An alarm clock opens Nobody Realizes This Is Nowhere, and a new day begins for Terry Malts. If their previous album Killing Time was a love-struck, ‘til-the-sun-comes-up party, NRTIN is the morning after, and Terry Malts are in a miserable way, seeing the world how it really is. No wonder why singer/bassist Phil Benson repeatedly sings “I don’t wanna go” on the opening track “Two Faces”.
The San Fran trio’s only conscious move on NRTIN was to not overdo love songs because Killing Time was filled with them. But Terry Malts haven’t just scaled back the number of love songs; they’ve nearly gone the complete opposite direction. Song titles that are negative at least outside of their lyrical contexts more than dominate the album. And not that Killing Time doesn’t have its smears of misanthropy, but negativity is all over NRTIN. Even sentiments such as “There may be no tomorrow / So live like there is no tomorrow” (“No Tomorrow”) can’t help but feel cautionary rather than inspiring: live in the moment, or you’ll be filled with regrets. And while it seems healthy to be “Well Adjusted”, Terry Malts aren’t declaring their state-of-being; they’re asking, “Why’s everyone so well adjusted? / My calibration must be busted.” What does it mean to be normal in a sick society? Maybe this is why Terry Malts “don’t wanna go.” I wouldn’t blame them if they keep reaching for the snooze button.
Lyrically, Terry Malts have described NRTIN as a better-rounded album – “more mature,” they seemed to have implied. The music is certainly less rushed or predictable than the speeding bullet punk of Killing Time. But for those who are familiar with Terry Malts’ roots, this isn’t too surprising; all three members descended from Magic Bullets, after all, an outfit deeply inspired by the likes of Orange Juice, Morrissey and the Cure. Slightly harking back to such influences, Benson’s crooning, which didn’t quite work for some listeners on the extremely upbeat Killing Time, doesn’t sound so out of place on NRTIN.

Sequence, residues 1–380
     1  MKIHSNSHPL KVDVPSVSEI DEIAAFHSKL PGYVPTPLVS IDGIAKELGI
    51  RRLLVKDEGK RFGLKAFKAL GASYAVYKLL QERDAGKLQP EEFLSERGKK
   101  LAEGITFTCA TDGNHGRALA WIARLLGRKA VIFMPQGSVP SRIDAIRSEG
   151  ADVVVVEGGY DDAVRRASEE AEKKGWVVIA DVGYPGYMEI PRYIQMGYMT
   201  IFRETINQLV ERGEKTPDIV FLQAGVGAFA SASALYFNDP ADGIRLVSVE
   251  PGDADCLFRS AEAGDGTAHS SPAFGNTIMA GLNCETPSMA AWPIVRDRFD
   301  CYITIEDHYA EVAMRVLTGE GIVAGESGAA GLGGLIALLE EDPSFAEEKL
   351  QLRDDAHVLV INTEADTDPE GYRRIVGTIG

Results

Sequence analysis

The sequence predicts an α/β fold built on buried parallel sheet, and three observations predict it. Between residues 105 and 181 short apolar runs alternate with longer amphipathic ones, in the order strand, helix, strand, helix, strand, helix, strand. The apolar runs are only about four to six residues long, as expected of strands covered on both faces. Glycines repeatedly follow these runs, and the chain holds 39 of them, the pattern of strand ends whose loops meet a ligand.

To say I had major apprehensions about NRTIN, the follow-up to one of my top five albums of 2012, would be to understate. Killing Time was such a perfect pop-punk record misplaced in time, I didn’t know how I was going to cope with something that was, in my eyes, destined to have been sub-par. I’m glad Terry Malts haven’t tried to keep pace with Killing Time though, instead giving NRTIN its own rhythm. And while I find it problematic that the band seemingly equates negativity, a bleak world outlook, bemoaning life’s larger issues and writing more dynamic songs with maturity, the album still rocks. If that’s all I really have to bemoan, I can certainly get out of bed for that, no matter how hard I partied last night.